The center replaced an undersized facility that was in need of extensive repairs and evolved from the conversion of an existing food distribution warehouse purchased by the district in 1994. The subsequent conversion strategy relied on upgrading existing building systems and developing an efficient building plan to maximize the center’s goals of efficiency, controlled storage and food preparation/distribution, as well as expanding its role of centralized production. Over the years, Houston has upgraded and maintained equipment, purchased automated packaging equipment and consolidated the bakery and prepackaged operations into one operation.
“The benefit of the central kitchen is standardization of recipes, flexibility to change recipes to meet changing guidelines and economies of scale,” Houston says. Because of the central kitchen, CCISD’s foodservice department also acts as the city of Corpus Christi’s emergency feeder. As a result, the central kitchen will be one of the first buildings to be provided with electricity in case of an emergency or natural disaster, thereby protecting the district’s inventory of frozen food, which it will distribute to those in need if an emergency arises.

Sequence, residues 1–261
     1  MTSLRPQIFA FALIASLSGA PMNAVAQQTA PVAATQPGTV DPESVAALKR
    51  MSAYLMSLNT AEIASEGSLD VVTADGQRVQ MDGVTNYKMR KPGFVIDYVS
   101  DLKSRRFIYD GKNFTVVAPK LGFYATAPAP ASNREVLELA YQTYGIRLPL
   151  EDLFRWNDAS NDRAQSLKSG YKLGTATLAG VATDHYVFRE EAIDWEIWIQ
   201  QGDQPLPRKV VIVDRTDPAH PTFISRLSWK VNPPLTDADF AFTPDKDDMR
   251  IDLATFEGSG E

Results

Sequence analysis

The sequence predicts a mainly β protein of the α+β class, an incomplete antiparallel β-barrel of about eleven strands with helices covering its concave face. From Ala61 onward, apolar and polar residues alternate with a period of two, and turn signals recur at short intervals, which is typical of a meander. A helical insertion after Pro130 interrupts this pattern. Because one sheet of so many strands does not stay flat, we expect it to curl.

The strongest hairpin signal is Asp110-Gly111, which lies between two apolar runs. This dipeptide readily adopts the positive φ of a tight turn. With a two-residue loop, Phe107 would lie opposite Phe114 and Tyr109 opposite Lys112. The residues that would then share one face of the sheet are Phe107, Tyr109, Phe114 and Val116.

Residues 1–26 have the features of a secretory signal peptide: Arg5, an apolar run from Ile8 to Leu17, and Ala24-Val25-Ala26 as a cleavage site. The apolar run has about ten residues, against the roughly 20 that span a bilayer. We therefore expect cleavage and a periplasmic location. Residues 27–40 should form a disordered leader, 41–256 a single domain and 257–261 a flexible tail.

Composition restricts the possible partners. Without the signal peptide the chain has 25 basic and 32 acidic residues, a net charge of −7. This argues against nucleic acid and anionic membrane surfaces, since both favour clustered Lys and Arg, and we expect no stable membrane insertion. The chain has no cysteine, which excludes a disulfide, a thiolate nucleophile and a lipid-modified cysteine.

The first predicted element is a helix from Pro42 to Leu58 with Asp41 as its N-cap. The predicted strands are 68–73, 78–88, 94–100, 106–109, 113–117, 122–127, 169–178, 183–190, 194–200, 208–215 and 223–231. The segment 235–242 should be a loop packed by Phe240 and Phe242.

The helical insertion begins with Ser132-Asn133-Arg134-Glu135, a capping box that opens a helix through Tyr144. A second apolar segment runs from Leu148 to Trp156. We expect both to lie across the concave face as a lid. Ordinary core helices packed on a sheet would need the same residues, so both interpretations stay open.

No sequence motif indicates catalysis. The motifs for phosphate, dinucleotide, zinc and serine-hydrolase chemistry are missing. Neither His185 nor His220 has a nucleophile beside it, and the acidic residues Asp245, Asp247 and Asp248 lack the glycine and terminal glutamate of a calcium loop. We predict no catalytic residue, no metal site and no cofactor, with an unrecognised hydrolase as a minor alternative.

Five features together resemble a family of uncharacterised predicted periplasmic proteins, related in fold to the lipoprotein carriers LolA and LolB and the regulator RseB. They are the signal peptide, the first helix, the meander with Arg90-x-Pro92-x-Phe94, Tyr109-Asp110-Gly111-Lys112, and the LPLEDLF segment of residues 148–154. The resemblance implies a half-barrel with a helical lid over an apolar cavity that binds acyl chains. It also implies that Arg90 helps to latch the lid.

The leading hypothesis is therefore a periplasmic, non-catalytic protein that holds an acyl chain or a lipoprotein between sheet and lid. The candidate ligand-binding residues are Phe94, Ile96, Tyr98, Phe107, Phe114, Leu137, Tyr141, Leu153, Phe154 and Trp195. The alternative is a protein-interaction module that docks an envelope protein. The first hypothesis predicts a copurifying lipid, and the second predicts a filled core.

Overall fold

The central kitchen has no interior walls, which makes production easier. “Flexibility is created by mobile equipment and electrical raceways with only the equipment that needs to be tied down attached to walls and floors,” Houston says. “The whole kitchen can be a staging area.”
The kitchen staff prepares bulk meals for all elementary schools, as well as prepackaged meals for schools without kitchens, and packages fruit and vegetables for the Fresh Fruit and Vegetable Program (administered by USDA and state agencies) along with salads, sandwiches and baked goods for all schools.